How Freixenet got started

Freixenet was born from the union of two Spanish families with a lengthy history in winemaking: the Ferrers, owners of La Freixeneda, a 12th-century farming estate in Sant Quinti de Mediona in the heart of Alt Penedes, and the Salas, winemakers since 1830 and the founders of Casa Sala, a wine exporter to Latin America, in Sant Sadurni d'Anoia.

Toward the end of the 19th century, Dolores Sala Vive, the granddaughter of the founder of Casa Sala, married Pedro Ferrer Bosch of La Freixeneda. This era saw the gradual loss of Spain's colonies and grape production diminishing due to the phylloxera plague that had destroyed grapevines across Europe. As a result, the newlyweds joined forces with Dolores' father to switch the focus of the Sala family business to sparkling wines made under the traditional method, or methode Champenoise..

In 1915 they began selling their products with the Freixenet name as a nod to the nickname given to Pedro Ferrer by the locals. Capitalizing on their initial successes, they built new cellars in Sant Sadurni d'Anoia in order to make higher quality wines and boost production capacity.

Freixenet began expanding abroad at the close of World War I. The Ferrers and the Salas formed a great winemaking team. Dolores Sala, an exceptional woman for her time, was extraordinarily knowledgeable in winemaking, and was as capable of leading wine tastings as she was of managing the business, which allowed Pedro Ferrer to concentrate on tireless promotion of the Freixenet brand, even establishing a branch office in New Jersey to introduce the bubbly of Sant Sadurni to the United States. However, this endeavor met with delays due to events in Europe over the next ten years.

Freixenet has always produced its wines from its own vineyards, replanted after the spread of phylloxera with the Macabeo, Xarelo and Parellada white grape varietals most suitable for making sparkling wines, a process which has always been - and continues to be - carried out in strict adherence to the traditional method developed in France's Champagne region. Freixenet has also constantly expanded its vineyards while complementing estate production with purchases from other growers. Currently more than 2000 growers supply their grapes, grown to Freixenet's exacting specifications.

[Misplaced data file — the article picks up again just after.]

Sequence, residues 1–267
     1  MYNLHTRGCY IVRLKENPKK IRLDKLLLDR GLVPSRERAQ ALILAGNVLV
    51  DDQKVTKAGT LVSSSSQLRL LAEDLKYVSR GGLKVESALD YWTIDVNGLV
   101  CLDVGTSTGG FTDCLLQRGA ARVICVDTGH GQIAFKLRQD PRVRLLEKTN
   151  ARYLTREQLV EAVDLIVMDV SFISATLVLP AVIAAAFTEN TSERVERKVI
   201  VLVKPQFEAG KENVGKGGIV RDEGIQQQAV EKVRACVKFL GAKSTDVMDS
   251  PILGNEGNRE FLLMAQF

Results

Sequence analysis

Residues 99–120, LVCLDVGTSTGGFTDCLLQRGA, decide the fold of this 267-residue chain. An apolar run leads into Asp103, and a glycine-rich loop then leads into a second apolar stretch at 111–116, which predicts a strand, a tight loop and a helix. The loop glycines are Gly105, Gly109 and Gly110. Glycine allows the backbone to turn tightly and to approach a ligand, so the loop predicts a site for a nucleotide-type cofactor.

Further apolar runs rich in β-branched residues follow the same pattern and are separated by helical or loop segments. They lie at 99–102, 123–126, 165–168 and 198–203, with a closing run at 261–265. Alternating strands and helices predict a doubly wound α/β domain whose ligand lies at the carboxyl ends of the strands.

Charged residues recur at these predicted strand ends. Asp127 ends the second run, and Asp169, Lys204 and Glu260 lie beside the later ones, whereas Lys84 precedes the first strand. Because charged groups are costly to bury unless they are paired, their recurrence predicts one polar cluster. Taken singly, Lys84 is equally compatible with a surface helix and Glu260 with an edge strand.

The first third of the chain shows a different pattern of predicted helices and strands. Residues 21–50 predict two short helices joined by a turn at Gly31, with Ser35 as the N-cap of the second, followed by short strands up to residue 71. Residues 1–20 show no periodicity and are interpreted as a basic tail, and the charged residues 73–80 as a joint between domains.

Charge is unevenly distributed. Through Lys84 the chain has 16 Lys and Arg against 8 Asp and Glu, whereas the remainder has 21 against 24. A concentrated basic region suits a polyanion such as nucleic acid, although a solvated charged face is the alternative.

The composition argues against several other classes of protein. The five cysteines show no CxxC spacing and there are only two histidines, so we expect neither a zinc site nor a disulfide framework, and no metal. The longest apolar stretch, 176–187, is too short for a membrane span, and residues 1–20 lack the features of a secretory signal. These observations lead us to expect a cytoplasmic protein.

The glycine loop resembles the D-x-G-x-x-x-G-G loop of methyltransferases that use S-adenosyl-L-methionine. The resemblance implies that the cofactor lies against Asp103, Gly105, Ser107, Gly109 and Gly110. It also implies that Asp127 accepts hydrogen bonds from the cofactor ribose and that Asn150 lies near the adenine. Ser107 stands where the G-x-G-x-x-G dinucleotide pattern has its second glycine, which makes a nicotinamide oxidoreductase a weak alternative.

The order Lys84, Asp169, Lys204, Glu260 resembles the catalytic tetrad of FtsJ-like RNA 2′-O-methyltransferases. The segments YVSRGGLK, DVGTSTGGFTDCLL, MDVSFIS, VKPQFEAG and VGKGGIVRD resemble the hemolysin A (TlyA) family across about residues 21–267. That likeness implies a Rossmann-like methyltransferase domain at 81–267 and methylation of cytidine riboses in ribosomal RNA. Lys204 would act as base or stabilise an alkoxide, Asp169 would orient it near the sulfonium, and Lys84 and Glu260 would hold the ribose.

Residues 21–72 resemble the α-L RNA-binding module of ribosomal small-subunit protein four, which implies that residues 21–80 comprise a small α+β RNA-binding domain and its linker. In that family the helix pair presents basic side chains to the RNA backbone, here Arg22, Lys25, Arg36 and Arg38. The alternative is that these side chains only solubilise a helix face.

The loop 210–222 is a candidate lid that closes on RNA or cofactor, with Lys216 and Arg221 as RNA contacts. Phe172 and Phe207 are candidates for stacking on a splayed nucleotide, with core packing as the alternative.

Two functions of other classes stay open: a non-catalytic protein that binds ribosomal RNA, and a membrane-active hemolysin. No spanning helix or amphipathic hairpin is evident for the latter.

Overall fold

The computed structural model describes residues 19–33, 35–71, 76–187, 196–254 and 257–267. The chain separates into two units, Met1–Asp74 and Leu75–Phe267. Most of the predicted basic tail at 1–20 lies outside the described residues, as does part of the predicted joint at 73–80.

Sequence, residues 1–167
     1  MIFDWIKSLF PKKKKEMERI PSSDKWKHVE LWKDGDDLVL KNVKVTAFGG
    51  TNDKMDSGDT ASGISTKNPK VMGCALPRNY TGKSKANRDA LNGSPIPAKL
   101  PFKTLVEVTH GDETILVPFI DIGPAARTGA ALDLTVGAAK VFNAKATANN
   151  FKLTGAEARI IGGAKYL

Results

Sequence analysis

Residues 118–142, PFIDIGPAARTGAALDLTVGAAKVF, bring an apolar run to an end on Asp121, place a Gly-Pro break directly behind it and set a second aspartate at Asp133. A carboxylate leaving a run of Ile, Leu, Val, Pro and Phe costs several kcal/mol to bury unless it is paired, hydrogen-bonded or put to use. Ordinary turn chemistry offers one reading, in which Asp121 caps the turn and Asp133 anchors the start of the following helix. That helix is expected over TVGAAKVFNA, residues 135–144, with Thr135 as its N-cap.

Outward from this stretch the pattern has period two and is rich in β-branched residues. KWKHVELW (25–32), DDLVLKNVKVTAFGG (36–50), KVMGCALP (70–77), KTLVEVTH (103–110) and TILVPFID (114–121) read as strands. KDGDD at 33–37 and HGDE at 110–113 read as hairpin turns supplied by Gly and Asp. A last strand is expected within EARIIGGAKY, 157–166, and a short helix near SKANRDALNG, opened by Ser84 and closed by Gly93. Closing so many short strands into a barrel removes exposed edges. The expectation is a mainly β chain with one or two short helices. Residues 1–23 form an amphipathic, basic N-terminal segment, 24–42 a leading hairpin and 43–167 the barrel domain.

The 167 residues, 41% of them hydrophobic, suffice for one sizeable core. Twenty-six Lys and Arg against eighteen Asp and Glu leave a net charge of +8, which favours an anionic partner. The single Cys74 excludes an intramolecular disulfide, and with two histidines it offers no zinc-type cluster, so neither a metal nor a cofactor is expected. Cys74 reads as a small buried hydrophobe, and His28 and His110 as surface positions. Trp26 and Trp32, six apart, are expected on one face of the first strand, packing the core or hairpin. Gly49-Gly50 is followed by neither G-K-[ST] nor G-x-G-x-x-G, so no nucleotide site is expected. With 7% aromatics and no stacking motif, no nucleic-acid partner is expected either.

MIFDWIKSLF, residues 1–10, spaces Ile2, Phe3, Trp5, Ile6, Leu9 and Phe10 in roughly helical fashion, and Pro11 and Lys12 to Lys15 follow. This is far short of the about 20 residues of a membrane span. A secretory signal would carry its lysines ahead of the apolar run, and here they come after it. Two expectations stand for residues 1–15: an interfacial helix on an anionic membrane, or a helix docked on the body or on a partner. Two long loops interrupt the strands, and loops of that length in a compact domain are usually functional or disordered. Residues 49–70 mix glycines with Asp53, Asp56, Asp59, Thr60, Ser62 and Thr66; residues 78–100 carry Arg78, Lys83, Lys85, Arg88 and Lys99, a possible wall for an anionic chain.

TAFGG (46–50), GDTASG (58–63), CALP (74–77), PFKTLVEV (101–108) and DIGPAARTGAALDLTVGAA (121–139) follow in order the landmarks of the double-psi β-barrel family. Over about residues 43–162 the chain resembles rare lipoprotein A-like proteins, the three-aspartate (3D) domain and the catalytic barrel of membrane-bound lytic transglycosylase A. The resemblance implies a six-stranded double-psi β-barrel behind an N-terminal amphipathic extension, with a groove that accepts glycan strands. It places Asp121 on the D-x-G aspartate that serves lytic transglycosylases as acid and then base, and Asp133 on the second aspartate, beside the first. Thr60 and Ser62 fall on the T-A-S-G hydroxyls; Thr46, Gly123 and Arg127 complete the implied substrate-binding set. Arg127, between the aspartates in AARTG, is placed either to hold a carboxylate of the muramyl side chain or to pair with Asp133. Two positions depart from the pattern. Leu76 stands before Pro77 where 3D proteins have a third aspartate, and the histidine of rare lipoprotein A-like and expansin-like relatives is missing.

Fifty years later, the drive to open Freixenet's business to the world led to impressive success in exports. By 1985, this small and courageous company had become the world's leading producer of top-quality sparkling wines without ever losing its family-based character, which is being continued by the founders' descendants.

In the 1960s, Freixenet was producing close to one million bottles, and the company's chief executive was Jose Ferrer Sala, a charismatic man who launched an unstoppable expansion with tireless energy and a firm faith in the future of Spanish sparkling wines. His decisive performance at the helm of Freixenet won him the respect of his peers. His successor and nephew, Jose Luis Bonet Ferrer, joined Freixenet toward the end of the sixties, and together they continued the task of expansion. By 2000, total production for the group exceeded 200 million bottles, accounting for over half of all Spanish sparkling wine production and 80% of exports.

The Freixenet Group is made up of companies located in various winemaking regions of the world and a broad network of distributors all over the globe. It focuses mainly on the production of sparkling wines under the traditional method, in which it ranks number one internationally. It is also Spain's top beverage exporter, with a presence in 150 countries. It is now a transnational firm with operations in all the major regions of the world that make sparkling wines under the traditional method, and in all the regions of the world that are revered for quality still wines. And all the while, it has kept its family-owned character while remaining faithful to its roots with utmost respect for tradition while focusing obsessively on constant quality improvement, innovation, and progress.

The Freixenet Group

With just over 100 years of history under its belt, the family-owned house of Freixenet has become a leader in the global market. And while Spanish sparkling wine, or cava, remains Freixenet's flagship product, the Group is also involved in the production of high-quality still wines, thus transcending the borders of Penedes and asserting its presence in other winemaking regions of Spain and other countries of the world.

Currently, traditional production of cava is centered on Freixenet, Castellblanch, Segura Viudas, Conde de Caralt and Canals & Nubiola, all venerable old brands of renowned quality. In California's Sonoma Valley, Jose Ferrer succeeded in achieving his father's cherished dream of establishing a winery in the United States, planting vines and building cellars launched in 1986 and christened with the name of Gloria Ferrer, Jose Ferrer's wife. In 1985, Freixenet bought Maison Henri Abele in Reims, France. Founded in 1757, Maison Henri Abele is the Champagne region's third oldest winery. In the state of Queretaro, Mexico, a place that offers ideal geo-climatic conditions for grape cultivation despite the absence of a winemaking tradition, Freixenet built the Sala Vive winery, named after the foundress of Freixenet.

Freixenet has also expanded its production of quality still wines in the major winemaking regions of the world: Penedes, Ribera del Duero, Rias Baixas, Priorat, Montsant and Rioja, Spain; Sonoma Valley, California; Coonawarra, Australia; and Bordeaux, France, where in 2001 Freixenet purchased the hundred-year-old negociant Yvon Mau, with more than 4,000 references and a presence in 150 countries. Freixenet's latest New World acquisition is in Mendoza, Argentina.